Generally, if a fawn is looking alert and being very still, it’s probably fine. If it’s crying, humans should back away, as it might just be crying for its mom to say it’s hungry, and does will not come back if people are around.
“But if it's crying and walking around, or if you know a doe got hit on the road, or if its ears are curling a little bit, call us,” Roach said. “No matter what, call us, and we’ll tell you what to look for.”
If a fawn is injured or bleeding, or if there are a lot of insects around its butt, Roach said there is likely a problem. Otherwise, leave them alone.
“These fawns, I would say, are stolen from their mamas,” she said. “That’s what we have are stolen babies.”
At least one of the fawns at Wild and Free is most definitely an orphan, though. Nicknamed the “miracle fawn,” this baby was born on impact when it’s pregnant mother was hit by a car. It miraculously survived and is doing well.
Along with fawn protocol, Roach said Wild and Free works to educate the public on issues like environmental preservation and the dangers of lead ammunition.
Flight pen and public involvement
A new flight pen is under construction for Wild and Free’s feathery residents. The 400-square-foot building will have easy-to-clean fiberglass reinforced panel walls and two swing gates to provide the ability to separate different species of birds from one another.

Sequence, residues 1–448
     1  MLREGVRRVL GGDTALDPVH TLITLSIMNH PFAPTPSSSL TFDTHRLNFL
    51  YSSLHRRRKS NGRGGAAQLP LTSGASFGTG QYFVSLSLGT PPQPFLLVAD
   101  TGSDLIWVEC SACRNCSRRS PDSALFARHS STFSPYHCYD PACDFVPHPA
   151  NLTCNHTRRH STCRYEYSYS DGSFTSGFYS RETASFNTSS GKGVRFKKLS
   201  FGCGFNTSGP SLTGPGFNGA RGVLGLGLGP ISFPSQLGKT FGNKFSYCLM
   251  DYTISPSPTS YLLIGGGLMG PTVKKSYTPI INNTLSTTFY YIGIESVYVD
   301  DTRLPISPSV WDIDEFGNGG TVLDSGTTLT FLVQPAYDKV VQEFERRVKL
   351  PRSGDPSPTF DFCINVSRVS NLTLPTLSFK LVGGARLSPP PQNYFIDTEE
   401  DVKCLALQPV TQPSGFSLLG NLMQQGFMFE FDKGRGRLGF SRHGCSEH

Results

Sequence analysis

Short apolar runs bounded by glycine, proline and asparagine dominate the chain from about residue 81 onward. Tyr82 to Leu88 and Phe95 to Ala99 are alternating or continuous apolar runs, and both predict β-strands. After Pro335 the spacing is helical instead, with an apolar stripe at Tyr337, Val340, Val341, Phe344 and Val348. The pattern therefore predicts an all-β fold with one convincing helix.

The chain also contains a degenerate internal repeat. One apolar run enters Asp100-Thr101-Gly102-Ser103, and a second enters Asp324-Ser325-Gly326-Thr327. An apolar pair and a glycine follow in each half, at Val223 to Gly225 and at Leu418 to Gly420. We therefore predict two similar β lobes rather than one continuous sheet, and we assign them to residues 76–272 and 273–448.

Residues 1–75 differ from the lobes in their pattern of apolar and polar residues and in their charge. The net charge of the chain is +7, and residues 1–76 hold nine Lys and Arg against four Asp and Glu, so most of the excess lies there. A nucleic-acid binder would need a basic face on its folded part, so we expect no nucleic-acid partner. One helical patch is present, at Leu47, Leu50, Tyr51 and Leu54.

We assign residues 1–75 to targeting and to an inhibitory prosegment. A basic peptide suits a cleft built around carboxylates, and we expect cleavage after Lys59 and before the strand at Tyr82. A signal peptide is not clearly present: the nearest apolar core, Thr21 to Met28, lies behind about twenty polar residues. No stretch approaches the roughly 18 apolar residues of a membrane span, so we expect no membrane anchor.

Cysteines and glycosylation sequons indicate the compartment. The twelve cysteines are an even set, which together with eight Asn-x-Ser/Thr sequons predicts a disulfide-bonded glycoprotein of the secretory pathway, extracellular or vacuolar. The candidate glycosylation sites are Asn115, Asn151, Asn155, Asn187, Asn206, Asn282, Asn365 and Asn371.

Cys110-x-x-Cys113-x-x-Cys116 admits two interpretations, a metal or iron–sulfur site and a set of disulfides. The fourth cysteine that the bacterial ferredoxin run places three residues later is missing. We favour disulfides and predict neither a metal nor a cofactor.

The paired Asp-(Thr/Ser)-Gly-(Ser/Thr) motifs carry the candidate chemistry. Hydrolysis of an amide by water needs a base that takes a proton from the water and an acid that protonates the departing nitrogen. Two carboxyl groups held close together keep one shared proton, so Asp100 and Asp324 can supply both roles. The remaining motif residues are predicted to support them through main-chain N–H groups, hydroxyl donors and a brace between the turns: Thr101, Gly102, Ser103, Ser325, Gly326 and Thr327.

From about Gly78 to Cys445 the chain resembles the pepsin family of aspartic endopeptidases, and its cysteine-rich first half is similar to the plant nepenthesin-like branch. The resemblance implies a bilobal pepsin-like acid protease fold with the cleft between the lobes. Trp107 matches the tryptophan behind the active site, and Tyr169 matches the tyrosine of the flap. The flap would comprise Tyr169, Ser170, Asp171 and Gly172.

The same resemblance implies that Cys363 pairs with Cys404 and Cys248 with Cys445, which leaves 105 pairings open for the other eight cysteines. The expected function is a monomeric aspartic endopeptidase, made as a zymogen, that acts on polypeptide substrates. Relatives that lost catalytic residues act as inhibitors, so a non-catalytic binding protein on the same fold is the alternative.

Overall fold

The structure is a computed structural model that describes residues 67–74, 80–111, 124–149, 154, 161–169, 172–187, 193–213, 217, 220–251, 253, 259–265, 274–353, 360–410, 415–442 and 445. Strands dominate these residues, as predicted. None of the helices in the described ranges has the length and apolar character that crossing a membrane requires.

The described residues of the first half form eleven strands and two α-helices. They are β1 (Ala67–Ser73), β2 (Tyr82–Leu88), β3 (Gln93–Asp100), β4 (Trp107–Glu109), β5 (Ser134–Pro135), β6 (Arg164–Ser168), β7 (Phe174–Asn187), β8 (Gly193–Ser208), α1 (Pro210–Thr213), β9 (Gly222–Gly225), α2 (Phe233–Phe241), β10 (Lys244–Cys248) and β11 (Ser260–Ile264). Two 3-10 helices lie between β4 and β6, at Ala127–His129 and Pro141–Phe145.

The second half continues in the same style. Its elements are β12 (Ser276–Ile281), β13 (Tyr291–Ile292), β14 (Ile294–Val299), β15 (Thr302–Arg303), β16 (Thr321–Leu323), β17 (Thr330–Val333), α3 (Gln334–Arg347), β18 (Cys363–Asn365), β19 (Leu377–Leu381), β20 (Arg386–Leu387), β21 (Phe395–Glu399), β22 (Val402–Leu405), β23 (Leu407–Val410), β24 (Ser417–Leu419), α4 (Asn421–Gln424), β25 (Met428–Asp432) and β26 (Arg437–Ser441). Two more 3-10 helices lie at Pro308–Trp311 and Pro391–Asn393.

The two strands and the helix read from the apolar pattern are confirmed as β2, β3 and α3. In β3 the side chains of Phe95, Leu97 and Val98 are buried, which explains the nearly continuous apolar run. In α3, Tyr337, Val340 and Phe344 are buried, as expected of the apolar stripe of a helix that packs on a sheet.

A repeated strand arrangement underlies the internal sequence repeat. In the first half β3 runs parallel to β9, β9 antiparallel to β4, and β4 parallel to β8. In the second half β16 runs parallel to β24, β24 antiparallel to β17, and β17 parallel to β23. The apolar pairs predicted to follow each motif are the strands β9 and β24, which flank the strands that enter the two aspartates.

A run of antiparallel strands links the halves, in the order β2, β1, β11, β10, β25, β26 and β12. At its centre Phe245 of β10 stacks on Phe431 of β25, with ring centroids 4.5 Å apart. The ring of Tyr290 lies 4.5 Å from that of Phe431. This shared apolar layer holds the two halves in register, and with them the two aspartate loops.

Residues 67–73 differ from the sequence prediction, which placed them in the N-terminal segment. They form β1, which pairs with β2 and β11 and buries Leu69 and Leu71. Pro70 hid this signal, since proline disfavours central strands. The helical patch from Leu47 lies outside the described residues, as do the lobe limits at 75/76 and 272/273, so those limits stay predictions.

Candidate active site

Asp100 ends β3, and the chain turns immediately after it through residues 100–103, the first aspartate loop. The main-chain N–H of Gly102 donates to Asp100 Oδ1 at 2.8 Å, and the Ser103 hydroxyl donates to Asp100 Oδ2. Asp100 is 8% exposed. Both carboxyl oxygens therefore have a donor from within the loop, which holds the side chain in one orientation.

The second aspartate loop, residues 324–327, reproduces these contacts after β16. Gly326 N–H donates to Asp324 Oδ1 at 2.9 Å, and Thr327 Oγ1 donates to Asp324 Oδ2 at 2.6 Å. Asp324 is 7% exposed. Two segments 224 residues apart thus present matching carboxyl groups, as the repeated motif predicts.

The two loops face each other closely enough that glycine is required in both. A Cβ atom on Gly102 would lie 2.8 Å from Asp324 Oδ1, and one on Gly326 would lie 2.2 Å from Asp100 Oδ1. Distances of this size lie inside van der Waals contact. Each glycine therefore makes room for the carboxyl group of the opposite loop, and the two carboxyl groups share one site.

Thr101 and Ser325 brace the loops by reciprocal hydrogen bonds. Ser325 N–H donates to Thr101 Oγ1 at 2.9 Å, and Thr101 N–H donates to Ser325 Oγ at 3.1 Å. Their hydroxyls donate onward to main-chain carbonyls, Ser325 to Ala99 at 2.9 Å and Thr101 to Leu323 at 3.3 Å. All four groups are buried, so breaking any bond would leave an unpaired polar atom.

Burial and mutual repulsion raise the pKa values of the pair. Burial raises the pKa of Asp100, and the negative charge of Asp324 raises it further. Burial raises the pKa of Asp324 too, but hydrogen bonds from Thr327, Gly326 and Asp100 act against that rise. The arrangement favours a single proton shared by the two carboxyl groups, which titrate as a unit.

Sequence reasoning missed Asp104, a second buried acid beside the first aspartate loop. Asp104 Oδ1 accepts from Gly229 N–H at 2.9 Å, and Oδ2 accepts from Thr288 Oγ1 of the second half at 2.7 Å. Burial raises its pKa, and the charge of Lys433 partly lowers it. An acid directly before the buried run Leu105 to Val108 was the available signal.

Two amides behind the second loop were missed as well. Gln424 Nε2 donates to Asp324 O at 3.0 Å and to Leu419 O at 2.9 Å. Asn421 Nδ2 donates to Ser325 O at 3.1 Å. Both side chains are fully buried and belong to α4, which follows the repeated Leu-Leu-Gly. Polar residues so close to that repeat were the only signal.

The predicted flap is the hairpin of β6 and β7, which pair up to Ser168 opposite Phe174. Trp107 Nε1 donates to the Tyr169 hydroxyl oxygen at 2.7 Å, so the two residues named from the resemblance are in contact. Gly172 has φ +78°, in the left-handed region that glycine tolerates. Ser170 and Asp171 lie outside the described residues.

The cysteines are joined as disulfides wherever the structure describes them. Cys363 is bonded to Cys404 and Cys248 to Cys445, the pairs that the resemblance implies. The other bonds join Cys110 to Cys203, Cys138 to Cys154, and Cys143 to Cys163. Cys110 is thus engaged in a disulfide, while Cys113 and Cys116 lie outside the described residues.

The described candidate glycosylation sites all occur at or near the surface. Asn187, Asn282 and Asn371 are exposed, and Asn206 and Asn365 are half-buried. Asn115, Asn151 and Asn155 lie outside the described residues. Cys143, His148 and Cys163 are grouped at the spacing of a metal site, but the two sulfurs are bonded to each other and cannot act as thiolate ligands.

“You may not know this, but you cannot put owls with eagles with hawks. They will kill each other,” Roach said. “And you can’t have barreds with great horned owls. You have to have specific places for each species, and that’s where we’re going to have flexibility here with the swing gates to be able to have different species and different paths.”
While construction has begun, Roach said Wild and Free still needs about $75,000 to complete it. Due to COVID-19, they were not able to go through with their capital campaign this year as planned, and the organization is fully funded through donations. But once they get back to their “new normal,” Roach hopes to raise more money.
Those interested in donating can call 320-692-4180 or visit wildandfree.org or the Wild and Free Facebook page.
“We’re really excited to be able to be assured that these animals are ready to go when we’re going to put them back into the wild,” Roach said of the birds that will use the flight pen.